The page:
Sunday, September 19, 2004

The press isn't lazy. It's dead.

When George Bush can say this, and when none in the press question it, one can only conclude that the press isn't simply lazy, it's dead:

President Bush said in an interview published yesterday that there were serious questions about the authenticity of documents featured in a CBS News report suggesting that he received preferential treatment in the Texas National Guard three decades ago.
Speaking publicly for the first time about the documents, Mr. Bush told The Manchester Union-Leader, "There are a lot of questions and they need to be answered."
He said, "I think what needs to happen is people need to take a look at the documents, how they were created, and let the truth come out."

Bush speaks as if he were simply an observer in this drama, when in fact, he's the protagonist. He was there. He knows whether the content of the memos is true. He can answer these questions:

Did a wealthy Texas oilman-friend of the Bush family use his influence with the speaker of the Texas House of Representatives to get George W. Bush a coveted slot in the National Guard keeping him out of the draft and any probable service IN Vietnam?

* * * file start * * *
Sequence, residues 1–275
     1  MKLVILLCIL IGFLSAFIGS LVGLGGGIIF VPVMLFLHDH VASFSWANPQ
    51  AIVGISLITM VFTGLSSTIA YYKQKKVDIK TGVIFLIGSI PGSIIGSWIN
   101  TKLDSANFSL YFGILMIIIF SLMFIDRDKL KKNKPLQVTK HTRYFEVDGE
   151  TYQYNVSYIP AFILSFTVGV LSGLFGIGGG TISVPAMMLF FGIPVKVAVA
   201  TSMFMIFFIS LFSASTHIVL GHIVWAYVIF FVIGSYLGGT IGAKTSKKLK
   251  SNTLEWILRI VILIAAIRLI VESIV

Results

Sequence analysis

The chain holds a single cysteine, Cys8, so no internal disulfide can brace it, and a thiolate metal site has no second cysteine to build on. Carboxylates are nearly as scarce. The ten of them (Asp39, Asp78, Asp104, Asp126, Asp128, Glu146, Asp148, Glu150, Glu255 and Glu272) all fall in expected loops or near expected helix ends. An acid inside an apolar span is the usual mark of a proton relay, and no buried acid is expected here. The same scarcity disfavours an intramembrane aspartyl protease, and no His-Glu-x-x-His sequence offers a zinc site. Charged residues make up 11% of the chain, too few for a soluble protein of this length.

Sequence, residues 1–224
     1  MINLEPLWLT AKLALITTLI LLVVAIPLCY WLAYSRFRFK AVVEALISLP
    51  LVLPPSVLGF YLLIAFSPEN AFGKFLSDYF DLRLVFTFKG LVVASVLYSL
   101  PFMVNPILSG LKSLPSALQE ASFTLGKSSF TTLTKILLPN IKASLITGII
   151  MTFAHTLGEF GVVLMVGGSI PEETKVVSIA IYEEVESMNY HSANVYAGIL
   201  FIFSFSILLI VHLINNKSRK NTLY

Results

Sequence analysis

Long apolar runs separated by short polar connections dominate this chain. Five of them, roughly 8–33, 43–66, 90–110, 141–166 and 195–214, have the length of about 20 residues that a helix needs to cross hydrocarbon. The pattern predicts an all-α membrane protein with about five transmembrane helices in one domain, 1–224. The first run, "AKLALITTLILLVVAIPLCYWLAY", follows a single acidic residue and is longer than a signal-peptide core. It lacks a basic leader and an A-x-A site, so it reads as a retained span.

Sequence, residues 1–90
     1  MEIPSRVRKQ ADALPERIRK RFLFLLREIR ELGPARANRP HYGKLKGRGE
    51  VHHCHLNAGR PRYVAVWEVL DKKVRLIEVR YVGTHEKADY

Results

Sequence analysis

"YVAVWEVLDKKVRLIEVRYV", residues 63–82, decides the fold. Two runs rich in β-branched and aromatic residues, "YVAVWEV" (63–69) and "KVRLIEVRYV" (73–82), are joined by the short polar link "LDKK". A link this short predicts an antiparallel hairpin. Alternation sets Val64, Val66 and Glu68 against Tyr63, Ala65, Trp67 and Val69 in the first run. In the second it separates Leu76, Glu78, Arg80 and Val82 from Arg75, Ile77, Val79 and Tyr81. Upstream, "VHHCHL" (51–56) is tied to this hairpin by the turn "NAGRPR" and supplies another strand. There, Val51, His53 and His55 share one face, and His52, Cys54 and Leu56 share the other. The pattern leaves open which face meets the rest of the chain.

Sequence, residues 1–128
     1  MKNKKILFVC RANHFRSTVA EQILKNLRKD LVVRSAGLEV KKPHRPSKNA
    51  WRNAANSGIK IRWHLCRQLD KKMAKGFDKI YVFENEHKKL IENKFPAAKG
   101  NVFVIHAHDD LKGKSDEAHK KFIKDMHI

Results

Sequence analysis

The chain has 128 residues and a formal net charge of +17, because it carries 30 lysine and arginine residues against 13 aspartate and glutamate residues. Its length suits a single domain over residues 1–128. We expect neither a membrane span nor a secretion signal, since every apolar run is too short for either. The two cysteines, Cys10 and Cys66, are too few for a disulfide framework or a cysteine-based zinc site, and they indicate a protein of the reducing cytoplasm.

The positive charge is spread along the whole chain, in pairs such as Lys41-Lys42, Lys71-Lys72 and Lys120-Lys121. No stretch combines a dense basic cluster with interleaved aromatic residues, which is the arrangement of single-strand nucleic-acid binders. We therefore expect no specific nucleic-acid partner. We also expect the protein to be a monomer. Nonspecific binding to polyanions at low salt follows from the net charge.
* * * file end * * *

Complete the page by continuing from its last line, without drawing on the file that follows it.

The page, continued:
Did Lieutenant Bush refuse a direct order from his commanding officer?
Was Lieutenant. Bush suspended for failure to perform up to standards?
Did Lieutenant Bush ever take a physical he was required and ordered to take? If not, why not?
And did Lieutenant Bush, in fact, complete his commitment to the Guard?

Yet he does not. More tellingly, the media does not demand that he answer them. It would rather ask whether memos are forged, even if those memos, forged or not, clearly reflect the opinion of the author - a question whose answer will mean nothing.

The press is dead. This story is the stench of its rotting corpse.